Thursday, October 06, 2005

Sandman Hotel, Calgary

Reading tonight at Pages, on Kensington. Sat next to a man on the plane who restores log cabins. Red river clay from about five feet down. Mix it with lime and chopped straw or horsehair. Add water and that'll create a geyser maybe forty feet.
He says, That's chemistry, eh?
He raises a wirey eyebrow to see if I'm following. Then he moves his hand over his table tray, thinking. A white bar of sunlight from the window lights up the silver hair on his knuckles, makes his wedding band flare. He tells me about the witches his wife has bought for halloween, their grandkids are coming. All pretty witches with big smiles.
It snowed in Winnipeg this morning, the yellow trees five storeys below my hotel window almost neon against the grey building and grey sky and the snow white, white and everything lashed by the wind. Behind me a white bed and a thousand white pillows glowing in the gloom of a quiet hotel room. The little red light on the phone blinking by the bed.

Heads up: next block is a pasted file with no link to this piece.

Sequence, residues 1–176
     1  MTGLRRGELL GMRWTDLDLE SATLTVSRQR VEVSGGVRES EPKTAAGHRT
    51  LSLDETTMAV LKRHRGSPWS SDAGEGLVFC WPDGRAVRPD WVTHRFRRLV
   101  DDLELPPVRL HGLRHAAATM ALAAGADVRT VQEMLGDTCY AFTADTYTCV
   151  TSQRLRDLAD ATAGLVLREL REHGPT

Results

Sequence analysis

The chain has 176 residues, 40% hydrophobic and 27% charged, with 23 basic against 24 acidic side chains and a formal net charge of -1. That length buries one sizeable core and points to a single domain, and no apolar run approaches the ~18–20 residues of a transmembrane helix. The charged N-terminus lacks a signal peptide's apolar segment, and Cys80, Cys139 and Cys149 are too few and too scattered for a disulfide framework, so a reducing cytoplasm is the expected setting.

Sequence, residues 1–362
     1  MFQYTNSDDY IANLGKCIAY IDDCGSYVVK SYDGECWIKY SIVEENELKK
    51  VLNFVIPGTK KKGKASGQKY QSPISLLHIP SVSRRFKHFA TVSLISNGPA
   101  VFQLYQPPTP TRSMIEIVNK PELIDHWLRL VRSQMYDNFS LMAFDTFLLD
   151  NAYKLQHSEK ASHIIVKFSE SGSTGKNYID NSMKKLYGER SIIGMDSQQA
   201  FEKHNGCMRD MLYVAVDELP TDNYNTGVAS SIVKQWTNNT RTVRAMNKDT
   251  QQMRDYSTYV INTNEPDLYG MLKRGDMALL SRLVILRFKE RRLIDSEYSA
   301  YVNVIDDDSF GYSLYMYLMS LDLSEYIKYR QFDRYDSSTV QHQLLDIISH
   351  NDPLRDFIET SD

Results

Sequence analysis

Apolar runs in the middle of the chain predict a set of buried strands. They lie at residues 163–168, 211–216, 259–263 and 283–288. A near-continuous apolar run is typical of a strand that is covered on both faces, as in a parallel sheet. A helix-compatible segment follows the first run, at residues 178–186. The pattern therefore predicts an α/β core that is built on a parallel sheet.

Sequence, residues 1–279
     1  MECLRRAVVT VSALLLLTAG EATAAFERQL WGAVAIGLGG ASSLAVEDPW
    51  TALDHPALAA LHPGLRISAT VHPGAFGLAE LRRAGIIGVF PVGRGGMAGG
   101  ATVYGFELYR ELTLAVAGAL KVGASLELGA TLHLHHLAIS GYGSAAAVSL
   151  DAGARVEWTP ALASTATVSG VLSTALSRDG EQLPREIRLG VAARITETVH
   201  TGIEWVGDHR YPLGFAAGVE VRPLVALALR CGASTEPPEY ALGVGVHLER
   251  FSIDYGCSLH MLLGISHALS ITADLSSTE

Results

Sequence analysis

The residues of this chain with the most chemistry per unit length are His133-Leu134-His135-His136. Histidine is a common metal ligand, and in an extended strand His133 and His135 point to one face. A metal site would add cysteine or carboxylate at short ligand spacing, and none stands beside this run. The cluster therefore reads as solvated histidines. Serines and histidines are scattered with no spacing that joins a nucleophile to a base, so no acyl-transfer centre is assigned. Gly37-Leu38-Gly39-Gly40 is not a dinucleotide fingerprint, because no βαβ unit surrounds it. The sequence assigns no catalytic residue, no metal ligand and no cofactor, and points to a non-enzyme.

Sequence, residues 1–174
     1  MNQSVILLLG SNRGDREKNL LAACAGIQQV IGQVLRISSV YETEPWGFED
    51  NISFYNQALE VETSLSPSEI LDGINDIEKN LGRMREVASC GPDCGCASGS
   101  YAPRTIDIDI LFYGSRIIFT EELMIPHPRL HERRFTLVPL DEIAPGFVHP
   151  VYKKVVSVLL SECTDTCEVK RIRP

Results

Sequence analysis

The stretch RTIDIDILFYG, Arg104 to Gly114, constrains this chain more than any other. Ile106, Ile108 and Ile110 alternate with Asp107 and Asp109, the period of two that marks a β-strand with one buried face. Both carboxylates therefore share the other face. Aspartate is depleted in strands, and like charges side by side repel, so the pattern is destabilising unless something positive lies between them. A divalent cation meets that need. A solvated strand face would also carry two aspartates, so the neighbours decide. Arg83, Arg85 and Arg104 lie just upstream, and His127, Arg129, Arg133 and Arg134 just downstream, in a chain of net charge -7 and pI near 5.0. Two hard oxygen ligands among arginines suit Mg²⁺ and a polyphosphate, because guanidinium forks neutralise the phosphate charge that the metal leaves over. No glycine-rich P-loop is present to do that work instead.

The man beside me moves his hand over the table top, thinking. He's already told me he's played Santa Claus every year for the last twenty-five, with a horse and sleigh, but he figures it's time to retire the costume, let someone else take over.
Lugging those bags a toys, he says. Hard work.
The land below is cut into rectangles every shade of brown and gold and the mountains with snow and the clouds casting shadows.
He taps his fingers twice on the food tray. You add water to the lime until it cools and becomes the consistency of butter. Then you add bluing and salt and away you go - fill the chinks, whitewash the whole shebang.
You could go with latex, but it wouldn't be authentic, he says. I want the authentic thing.
I'm reading Zadie Smith because her voice is so thoroughly authentic, though of course, artful. Full of artifice as all writing is. Then how come I feel like I know her? This is a paradox.